The King's Daughter by Penny Ingham

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The King's Daughter by Penny Ingham

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Category: Historical Fiction
Rating: 4/5
Reviewer: Louise Laurie
Reviewed by Louise Laurie
Summary: This novel combines plenty of historical data with a forbidden love story - which is timeless. The Vikings are afoot in England so there's lots and lots of pillaging, plundering and raping, so brace yourselves.
Buy? Maybe Borrow? Yes
Pages: 280 Date: March 2010
Publisher: Cava Books
ISBN: 978-0955599750

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The central female character - The King's Daughter is Elflaede. She's young, feisty and very pretty. She also has this unforgettable reddish hair. At this point in the story I was reminded a little of Queen Elizabeth I, I have to say. In Elflaede's own words she had never known a time without war . The hordes of Pagan Norsemen are to blame. They've come to England with their own set of superstitions. And they've come with one aim. To conquer great swathes of England.

As a royal princess, Elflaede commands automatic respect from her people. But, as a sensible, even fearless, young woman her admirers increase - to include even a Pagan or two. Unthinkable. The clash of two different worlds, two different cultures is a strong theme in this novel.

Ingham is keen to share her archeological knowledge with the reader. So there's plenty of descriptions. For example, about the lives of royals and non-royals, their homes, castles, keeps, their livelihoods and the countless hardships of that early period in history.

There are some nice lines throughout, in keeping with the period. For example, His breath oozed like dragon's smoke.

On a rather negative point, I did find some of the language, especially the dialogue, over-simplistic and even rather sentimental. It jarred with the sheer brutality of the countless battles fought. It didn't quite work for me and took away something from the overall tone of the novel.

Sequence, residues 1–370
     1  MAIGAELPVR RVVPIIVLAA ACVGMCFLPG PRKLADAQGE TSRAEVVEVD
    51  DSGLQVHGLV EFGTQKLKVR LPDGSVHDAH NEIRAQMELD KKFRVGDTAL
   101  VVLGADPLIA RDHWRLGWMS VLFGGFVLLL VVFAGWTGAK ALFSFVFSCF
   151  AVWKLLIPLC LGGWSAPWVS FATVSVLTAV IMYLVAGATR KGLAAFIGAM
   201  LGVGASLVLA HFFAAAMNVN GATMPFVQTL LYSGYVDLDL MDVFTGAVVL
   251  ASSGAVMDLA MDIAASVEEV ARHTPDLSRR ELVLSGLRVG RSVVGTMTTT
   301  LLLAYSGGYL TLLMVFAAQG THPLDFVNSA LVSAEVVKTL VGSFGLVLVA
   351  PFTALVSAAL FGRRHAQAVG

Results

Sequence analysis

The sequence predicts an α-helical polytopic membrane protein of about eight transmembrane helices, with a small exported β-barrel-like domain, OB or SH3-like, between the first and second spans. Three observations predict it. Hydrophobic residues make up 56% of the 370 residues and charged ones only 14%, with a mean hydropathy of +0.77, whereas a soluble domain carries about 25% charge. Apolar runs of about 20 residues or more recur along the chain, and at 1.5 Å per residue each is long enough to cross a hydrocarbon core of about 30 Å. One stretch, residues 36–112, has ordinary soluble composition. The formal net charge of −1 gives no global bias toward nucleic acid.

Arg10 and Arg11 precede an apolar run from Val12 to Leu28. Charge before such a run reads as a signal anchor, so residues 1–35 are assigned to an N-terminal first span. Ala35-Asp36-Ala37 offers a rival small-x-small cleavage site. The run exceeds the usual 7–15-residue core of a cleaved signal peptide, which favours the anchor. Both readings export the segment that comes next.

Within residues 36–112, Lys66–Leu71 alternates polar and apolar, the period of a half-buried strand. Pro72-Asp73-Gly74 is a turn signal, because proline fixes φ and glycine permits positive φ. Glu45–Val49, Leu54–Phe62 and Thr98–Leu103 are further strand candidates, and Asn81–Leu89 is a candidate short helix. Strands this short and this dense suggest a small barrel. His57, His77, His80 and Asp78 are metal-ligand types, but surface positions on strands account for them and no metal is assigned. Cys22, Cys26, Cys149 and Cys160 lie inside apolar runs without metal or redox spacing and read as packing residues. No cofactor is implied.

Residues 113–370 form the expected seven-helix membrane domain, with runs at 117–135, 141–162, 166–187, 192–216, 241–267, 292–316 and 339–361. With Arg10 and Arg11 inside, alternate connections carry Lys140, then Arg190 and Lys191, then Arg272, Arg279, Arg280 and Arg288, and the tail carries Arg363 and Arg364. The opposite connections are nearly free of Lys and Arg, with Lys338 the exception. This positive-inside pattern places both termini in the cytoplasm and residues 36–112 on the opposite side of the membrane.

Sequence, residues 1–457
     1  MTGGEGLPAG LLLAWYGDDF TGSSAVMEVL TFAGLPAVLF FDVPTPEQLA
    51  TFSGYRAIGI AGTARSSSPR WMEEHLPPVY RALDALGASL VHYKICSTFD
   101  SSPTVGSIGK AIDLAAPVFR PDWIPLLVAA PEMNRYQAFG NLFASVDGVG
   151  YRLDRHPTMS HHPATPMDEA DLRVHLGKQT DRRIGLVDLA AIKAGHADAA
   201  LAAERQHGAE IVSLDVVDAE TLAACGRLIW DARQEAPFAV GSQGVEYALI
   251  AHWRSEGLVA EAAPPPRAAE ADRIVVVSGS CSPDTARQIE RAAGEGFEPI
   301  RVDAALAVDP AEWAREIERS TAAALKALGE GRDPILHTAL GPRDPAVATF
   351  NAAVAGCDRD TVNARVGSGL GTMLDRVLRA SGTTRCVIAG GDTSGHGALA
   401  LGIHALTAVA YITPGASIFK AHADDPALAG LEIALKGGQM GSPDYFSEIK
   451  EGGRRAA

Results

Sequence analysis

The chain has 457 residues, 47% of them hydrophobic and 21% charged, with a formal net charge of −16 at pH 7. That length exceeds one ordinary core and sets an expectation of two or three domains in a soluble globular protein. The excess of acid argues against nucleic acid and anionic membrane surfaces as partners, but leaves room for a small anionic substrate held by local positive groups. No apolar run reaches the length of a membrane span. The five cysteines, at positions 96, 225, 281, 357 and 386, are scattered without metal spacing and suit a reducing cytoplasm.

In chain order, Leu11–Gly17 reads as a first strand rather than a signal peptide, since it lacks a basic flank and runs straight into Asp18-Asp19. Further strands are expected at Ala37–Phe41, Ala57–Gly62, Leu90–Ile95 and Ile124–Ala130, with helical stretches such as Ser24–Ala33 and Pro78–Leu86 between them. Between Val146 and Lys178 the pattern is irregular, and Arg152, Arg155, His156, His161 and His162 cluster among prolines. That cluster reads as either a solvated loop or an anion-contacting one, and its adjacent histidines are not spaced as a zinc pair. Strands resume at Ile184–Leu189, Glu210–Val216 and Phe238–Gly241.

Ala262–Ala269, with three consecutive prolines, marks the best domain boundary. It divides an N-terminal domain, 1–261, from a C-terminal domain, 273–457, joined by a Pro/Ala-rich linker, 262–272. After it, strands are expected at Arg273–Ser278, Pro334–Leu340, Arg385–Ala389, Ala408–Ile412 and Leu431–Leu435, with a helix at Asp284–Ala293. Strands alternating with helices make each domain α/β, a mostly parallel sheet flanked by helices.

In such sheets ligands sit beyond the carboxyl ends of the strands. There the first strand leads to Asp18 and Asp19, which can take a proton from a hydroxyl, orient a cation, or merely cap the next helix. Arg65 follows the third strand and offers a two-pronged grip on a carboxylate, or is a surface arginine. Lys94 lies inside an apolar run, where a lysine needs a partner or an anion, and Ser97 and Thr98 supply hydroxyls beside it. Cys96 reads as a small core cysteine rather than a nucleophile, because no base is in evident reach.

We have the many- times- before scenario, of brothers tussling for a pretty girl. We have cruel husbands and jealous brothers. The whole gamut of emotions carries the story along. It could just as easily be placed in a modern-day setting and still work. Some readers may find the historical element overdone. Overkill perhaps.

Ingham has packed in quite a few bloody battles in this novel. Blood, guts and gore aplenty. In fact, there was probably a battle or two too many, for my liking. I certainly got the point of it the first time around. The King's Daughter watches all this cruelty unfold before her. Cruelty to both men and horses in battle. She asks poignantly just before any more blood is spilt Was it courage? Or madness? The armies met, two brutally powerful waves clashing ...

For me, it was the personal story and journey of Elflaede which held me. She's constantly torn as to what to do. Not for herself, but for England, her country. And here again, I'm reminded of Queen Elizabeth I. I hope I'm not giving too much away when I say that she chooses her country every time - but at what personal cost?

For history and archeology buffs, this novel is a treat. And for those not particularly interested in England's past and how the Vikings came to be in England, it may just kindle a bit of a flame. I would tend to describe this novel as a romance with lots of history thrown in the mix. Enjoyable but too many blow-by-blow battles, which became I'm afraid a little repetitious in content.

I'd like to thank the publishers for sending a copy to The Bookbag.

If this appeals then try Crusade by Elizabeth Laird.

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